Saxton, Marsha. “Disability Rights and Selective Abortion,” n.d. http://www.gjga.org/inside.asp?action=item&source=documents&id=17&detail=print.
This article tackles difficult questions surrounding pre-natal testing and selective abortions based on the disabilities of a fetus. Written by a disability rights activist, the article takes a critical stance against the widespread practice of testing for disabilities and the justification for aborting fetuses because they are labeled as “defective.” She argues that although at this point women should still have the legal choice to abort a fetus because of a disability, the reproductive justice movement should consider the social pressures on women to test for disabilities and then abort if the fetus is found to have a disability. The author explicitly states that she comes from a place of “pro-choice,” but she also identifies how the feminist movement of abortion activists have neglected or outright avoided inclusion and consideration of the disability community. Sexton ties prenatal testing and the aborting of fetuses with disabilities to the eugenics used during the birth control movement. She validates the lives of disabled persons, discussing how their happiness and sexuality is denied, creating the idea that their lives are not worth living. This is then tied to the social pressures on women to make a particular choice when it comes to fetuses labeled as “defective” and argues that there should be an intersectional approach to feminism and disability rights around this issue.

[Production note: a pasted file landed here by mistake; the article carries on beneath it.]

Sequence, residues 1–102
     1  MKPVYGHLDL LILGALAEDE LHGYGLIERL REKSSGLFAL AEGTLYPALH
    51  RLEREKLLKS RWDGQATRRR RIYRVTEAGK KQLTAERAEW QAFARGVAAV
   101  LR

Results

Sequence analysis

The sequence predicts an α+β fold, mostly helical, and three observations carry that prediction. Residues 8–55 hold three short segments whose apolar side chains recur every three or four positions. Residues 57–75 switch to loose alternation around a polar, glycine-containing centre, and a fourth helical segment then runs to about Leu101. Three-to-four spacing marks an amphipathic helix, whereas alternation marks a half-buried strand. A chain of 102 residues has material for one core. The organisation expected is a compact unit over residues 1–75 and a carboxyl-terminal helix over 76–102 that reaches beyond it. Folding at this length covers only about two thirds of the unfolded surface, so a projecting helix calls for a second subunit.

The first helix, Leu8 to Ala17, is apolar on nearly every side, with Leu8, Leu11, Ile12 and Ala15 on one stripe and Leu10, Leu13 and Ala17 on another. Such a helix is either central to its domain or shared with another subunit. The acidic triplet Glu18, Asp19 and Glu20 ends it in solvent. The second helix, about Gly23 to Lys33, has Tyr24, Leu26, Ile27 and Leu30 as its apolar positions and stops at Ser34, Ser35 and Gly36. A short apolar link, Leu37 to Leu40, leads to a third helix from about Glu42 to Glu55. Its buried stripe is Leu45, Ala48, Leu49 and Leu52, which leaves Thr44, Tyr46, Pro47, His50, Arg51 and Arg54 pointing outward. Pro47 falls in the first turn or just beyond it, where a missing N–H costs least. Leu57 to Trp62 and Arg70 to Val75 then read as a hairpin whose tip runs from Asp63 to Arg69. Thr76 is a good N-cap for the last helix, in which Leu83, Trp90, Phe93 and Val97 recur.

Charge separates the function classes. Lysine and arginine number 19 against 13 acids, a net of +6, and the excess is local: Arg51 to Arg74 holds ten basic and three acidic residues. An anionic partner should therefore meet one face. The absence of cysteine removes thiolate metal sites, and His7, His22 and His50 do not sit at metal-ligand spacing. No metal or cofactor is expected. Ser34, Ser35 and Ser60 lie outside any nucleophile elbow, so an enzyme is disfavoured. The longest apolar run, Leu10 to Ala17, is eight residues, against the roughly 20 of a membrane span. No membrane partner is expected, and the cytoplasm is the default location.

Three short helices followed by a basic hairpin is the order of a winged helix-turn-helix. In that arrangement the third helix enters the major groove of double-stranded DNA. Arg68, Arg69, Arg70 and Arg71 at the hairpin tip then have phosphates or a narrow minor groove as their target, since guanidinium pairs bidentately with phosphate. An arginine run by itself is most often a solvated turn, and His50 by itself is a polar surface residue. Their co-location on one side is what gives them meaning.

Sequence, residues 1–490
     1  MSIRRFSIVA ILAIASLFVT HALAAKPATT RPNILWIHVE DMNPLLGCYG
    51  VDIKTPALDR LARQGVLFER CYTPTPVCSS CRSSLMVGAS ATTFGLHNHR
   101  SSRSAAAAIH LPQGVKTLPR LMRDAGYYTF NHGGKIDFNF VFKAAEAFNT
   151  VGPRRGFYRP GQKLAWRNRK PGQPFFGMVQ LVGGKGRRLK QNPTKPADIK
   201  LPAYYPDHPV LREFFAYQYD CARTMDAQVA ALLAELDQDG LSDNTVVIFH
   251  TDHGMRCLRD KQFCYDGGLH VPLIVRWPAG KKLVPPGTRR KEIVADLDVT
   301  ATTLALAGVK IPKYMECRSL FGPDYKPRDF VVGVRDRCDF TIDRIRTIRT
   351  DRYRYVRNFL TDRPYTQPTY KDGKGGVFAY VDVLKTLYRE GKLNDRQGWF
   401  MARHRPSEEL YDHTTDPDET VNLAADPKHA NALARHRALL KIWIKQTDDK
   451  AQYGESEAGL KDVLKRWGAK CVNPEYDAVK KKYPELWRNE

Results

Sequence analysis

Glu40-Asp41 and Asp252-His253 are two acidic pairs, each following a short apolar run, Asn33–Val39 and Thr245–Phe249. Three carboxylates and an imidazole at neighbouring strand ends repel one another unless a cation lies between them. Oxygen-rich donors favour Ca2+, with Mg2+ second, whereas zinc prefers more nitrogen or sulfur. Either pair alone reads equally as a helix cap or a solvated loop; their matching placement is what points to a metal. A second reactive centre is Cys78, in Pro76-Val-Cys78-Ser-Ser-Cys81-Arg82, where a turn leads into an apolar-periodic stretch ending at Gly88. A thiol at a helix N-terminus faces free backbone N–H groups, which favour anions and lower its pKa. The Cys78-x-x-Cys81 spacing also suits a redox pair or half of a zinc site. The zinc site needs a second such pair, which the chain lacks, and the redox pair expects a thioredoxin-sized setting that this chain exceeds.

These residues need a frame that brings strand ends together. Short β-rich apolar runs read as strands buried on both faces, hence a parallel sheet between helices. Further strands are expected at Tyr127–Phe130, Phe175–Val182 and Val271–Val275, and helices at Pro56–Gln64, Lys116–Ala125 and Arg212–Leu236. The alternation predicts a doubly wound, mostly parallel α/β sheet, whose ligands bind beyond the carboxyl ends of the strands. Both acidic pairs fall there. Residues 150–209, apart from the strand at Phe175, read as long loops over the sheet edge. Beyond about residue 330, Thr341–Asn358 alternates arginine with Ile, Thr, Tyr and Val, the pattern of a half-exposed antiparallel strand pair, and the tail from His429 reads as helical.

While appreciating the importance of access to safe and legal abortion, the author complicates this position with the rights of the disability community to not be socially engineered out of existence and further devalued in the process. The article is a clear and concise read for anyone who’s looking to explore the intersections of a women’s right to choose and the disability rights movement. At ten pages this article covers a lot of material in an easy to understand manner, switching between objective examinations of facts and history and personal reflections on what it means to be disabled and pro-choice.